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IEET Readers Divided on Robot Cars That Sacrifice Drivers’ Lives
Jun 14, 2014  

Intrigued by IEET Fellow Patrick Lin’s essay “The Ethics of Autonomous Cars” we asked “Should your robot car sacrifice your life if it will save more lives?” A third of of the 196 of you who responded said no, a third said they should and a third said it should be the driver’s option.

Of course, we can hope there will be far fewer automotive accidents with robot cars in the first place. But it will be fascinating to see how this software and regulation gets written. Will libertarian Americans opt for choice, or save-the-driver as a default, while more social democratic countries implement save-the-most driver software?





Our new poll is on whether the Turing Test is useful or bollocks.




COMMENTS

I chose the first one simply because of the fact that cars are not designed to protect other people, for whatever reason, but rather to protect those within the car. If a car is programmed to protect others at the expense of its passengers, we’re left with an ethical dilemma of determining “which lives are more important?”, “how many in the minority left behind should there be before being considered too much _to_ leave behind?”, and “what if the car was wrong and no lives were needing to be saved at the expense of its passengers?”

With each passenger being protected by its own car, we’re at least avoiding those kinds of dilemmas, or perhaps alleviating them to some degree. When every car is programmed to protect a limited select group of people, the roads will be much safer because they’ll collectively avoid dangers and risks at all times to themselves, rather than trying to “grab someone else’s steering wheel,” per se.

So looking back at these options, the first one is the only one that makes sense. Everything balances itself out when each car is defending itself and its passenger(s) as meticulous as possible. The 2nd option is a stupid option, IMO, because that’s EXACTLY what people are doing right now with the poll. Shouldn’t even be an option. And the 3rd and final option would result in more accidents than it saves, because it’s no longer determining the safety of any particular person, but others at random at the expense of those inside. A car doesn’t need to be a hero. It just needs to do its damn job.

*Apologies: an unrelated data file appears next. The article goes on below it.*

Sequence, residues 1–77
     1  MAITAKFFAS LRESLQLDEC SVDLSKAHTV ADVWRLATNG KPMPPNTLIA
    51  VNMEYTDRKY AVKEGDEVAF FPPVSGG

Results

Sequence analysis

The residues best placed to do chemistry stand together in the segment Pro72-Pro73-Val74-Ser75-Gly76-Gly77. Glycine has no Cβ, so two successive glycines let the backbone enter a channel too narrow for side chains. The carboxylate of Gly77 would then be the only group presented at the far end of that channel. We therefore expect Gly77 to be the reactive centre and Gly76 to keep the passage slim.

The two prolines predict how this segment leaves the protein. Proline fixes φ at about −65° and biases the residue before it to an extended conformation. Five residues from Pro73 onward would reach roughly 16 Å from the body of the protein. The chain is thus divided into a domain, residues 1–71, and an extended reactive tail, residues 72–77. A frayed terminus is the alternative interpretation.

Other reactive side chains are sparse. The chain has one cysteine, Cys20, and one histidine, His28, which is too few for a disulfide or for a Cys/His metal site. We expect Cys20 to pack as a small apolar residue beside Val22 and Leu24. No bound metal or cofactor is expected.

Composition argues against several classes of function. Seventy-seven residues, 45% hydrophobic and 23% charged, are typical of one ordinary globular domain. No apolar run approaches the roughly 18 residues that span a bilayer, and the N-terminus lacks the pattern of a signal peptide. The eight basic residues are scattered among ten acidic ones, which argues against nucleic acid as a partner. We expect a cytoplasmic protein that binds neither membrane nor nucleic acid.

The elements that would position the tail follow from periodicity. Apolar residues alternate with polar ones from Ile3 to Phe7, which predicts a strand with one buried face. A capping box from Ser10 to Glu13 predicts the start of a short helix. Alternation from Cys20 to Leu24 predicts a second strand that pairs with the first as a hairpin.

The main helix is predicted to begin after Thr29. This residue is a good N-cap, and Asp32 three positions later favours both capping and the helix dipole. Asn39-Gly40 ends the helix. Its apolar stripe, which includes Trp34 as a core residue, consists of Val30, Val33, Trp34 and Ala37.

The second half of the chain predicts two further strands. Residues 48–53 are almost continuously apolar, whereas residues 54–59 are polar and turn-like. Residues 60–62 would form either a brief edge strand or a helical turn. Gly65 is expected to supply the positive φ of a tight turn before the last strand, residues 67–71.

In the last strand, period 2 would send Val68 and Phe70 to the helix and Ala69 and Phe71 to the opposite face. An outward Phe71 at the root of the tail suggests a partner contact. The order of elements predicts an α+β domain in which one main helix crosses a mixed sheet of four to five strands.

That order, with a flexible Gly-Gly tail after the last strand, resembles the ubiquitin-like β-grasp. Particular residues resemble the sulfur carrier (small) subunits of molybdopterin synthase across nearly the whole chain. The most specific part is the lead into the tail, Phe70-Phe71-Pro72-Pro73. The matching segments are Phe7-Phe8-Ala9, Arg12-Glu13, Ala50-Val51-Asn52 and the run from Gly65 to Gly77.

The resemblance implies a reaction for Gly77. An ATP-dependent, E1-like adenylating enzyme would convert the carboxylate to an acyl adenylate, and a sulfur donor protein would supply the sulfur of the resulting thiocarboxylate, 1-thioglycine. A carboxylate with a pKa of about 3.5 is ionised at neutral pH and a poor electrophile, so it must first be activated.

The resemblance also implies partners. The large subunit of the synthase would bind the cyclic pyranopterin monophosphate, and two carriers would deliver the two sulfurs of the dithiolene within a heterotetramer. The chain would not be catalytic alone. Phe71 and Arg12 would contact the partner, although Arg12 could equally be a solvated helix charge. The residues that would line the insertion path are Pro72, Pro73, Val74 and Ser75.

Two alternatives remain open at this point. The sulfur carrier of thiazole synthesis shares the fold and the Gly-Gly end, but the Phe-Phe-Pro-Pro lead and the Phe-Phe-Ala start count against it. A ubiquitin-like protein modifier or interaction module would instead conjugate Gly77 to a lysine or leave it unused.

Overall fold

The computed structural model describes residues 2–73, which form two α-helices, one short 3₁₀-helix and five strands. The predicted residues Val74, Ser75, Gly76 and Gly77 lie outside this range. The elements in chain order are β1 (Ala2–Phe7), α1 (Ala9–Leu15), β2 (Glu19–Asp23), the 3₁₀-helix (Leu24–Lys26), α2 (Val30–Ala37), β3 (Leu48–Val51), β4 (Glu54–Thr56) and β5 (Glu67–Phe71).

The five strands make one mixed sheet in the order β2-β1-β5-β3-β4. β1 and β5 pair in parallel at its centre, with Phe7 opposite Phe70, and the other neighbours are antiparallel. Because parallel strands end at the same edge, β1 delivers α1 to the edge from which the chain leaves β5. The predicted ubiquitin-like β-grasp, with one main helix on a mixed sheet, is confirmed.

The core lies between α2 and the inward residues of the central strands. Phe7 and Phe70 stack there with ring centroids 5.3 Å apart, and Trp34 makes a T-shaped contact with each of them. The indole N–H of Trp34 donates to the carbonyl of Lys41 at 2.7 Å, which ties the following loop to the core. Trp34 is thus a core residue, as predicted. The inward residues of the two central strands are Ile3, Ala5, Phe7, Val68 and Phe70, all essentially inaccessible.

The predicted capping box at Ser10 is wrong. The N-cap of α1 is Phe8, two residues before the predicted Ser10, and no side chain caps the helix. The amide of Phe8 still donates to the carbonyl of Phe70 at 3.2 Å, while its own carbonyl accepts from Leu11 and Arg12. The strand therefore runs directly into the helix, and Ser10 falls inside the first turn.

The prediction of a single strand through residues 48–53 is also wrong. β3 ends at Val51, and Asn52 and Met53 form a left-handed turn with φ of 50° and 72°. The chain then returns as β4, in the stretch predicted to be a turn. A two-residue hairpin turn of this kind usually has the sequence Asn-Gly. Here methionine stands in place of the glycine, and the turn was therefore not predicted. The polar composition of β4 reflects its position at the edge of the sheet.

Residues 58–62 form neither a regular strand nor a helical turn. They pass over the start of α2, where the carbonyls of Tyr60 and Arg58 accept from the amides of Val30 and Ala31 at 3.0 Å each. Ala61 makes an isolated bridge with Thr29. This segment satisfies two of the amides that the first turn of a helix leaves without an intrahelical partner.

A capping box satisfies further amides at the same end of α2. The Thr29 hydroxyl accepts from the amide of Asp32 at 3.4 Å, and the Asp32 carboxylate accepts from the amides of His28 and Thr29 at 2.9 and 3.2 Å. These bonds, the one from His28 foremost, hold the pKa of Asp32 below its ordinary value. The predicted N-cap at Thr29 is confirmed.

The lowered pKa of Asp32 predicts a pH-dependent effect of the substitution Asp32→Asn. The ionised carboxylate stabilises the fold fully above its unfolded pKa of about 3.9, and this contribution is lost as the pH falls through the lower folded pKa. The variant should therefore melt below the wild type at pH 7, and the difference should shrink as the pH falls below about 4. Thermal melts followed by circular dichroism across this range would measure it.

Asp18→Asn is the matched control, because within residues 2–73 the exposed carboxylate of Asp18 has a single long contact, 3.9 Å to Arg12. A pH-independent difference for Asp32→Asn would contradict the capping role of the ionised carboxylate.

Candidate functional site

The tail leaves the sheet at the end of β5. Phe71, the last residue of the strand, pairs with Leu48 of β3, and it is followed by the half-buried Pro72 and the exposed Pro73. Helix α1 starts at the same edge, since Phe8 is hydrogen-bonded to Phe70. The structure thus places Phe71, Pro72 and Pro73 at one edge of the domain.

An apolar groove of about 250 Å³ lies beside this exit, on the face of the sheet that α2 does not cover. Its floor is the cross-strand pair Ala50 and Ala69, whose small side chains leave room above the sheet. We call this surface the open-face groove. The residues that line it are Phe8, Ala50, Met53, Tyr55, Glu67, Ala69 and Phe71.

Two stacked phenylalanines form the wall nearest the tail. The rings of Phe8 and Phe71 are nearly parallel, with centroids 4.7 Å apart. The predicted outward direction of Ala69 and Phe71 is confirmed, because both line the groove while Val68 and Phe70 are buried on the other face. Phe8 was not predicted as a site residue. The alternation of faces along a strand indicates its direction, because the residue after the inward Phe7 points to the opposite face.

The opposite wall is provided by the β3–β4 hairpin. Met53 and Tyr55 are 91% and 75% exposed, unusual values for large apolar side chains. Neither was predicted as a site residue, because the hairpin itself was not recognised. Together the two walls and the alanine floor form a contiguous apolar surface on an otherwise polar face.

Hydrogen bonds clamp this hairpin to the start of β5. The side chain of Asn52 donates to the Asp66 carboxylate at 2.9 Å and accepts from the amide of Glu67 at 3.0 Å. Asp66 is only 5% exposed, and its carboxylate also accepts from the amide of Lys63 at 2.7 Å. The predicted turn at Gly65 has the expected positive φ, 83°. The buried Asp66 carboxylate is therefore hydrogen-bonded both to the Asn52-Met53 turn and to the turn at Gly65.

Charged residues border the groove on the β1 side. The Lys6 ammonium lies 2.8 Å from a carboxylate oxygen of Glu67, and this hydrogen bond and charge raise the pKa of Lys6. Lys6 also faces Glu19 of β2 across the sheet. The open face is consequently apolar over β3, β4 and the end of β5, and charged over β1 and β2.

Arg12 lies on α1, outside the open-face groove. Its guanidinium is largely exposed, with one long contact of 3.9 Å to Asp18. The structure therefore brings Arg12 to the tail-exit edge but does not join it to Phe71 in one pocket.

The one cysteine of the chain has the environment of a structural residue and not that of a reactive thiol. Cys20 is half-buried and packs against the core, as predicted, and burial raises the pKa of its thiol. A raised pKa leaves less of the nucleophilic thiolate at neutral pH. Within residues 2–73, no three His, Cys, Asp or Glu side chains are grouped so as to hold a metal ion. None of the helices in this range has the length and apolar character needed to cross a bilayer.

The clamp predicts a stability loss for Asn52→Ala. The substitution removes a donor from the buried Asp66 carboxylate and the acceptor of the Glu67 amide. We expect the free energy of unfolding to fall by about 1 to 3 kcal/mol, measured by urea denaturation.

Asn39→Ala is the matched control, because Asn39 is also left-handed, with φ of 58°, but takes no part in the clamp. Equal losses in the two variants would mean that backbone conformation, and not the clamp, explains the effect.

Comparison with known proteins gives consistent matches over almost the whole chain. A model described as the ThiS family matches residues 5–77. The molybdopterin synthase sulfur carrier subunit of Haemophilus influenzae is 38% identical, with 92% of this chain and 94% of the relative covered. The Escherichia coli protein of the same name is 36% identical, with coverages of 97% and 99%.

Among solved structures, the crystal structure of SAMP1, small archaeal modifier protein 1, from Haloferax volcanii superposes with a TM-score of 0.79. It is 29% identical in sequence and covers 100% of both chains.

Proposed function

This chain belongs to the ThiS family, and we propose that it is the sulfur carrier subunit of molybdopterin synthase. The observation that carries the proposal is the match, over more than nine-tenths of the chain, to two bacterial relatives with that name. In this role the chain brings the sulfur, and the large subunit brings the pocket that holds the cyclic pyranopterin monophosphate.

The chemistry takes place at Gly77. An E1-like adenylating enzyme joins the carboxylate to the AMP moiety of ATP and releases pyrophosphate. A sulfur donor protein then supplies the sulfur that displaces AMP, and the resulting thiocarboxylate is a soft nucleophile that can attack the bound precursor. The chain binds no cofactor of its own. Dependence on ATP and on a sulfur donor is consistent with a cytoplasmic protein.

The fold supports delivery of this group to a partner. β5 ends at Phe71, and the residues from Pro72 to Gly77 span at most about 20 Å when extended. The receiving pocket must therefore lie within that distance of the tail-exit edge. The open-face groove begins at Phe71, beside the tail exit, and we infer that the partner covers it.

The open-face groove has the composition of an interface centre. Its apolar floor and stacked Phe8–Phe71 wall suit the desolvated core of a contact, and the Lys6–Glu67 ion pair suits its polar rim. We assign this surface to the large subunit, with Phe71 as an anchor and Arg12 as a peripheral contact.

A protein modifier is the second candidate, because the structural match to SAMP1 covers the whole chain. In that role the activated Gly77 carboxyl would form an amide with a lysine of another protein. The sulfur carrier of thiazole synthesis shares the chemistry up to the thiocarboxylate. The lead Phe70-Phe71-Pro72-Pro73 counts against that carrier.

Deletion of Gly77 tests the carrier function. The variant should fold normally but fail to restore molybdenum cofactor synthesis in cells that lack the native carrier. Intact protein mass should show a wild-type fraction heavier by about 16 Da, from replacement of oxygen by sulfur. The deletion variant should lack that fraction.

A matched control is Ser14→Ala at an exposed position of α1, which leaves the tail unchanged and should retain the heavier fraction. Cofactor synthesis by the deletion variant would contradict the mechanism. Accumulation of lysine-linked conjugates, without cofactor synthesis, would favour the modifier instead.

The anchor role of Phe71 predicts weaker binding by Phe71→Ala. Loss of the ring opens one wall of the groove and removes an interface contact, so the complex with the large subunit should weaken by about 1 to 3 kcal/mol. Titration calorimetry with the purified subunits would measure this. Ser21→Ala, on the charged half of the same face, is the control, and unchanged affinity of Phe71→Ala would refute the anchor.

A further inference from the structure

There are, of course, some people who believe that cars should make the decision of saving someone important over someone who’s wasting away their lives. Assuming we’re even capable of programming a computer to achieve that kind of thought processing, what then?

Using that very “logic,” the car would make the decision that a progressive politician is more important to save than a car of junkies. The problem with this is that it’s an observation of what is and not what it could be! What if that politician becomes corrupt and those junkies get clean?

Is the car’s decision to spare the politician then still a positive decision? I wouldn’t think so. I’d leave it to where each car merely protects its own passengers. That way everything will balance itself out in the end.

The problem with what you’re saying B.J. is it entirely disregards pedestrians and other road users - it’s all very well for every car to protect its own occupants, but what about people not in a car?

I would think it is fair for a self-driving car to prioritise its own occupants over other cars, but it should prioritise road-users not protected by crumple zones, air bags &c above anything else.

That isn’t what’s in question, however. Of course these cars are going to look out for any kind of pedestrian walking around, near or on roads. But then pedestrians on a road wouldn’t result in the passenger’s death - just the possible death of the pedestrians.

Whereas, when a robot car detects objects in front of it, its programmed goal is to protect the passenger, thus to either stop or dodge the objects. If it stops, then no one is harmed. If it tries dodging, however, then other nearby robot cars will become involved. How then does your car and other cars react? Should they try saving their own passengers, or others driving by? The former would result in a collective balancing act, whereas the latter would result in non-predictive chaos.

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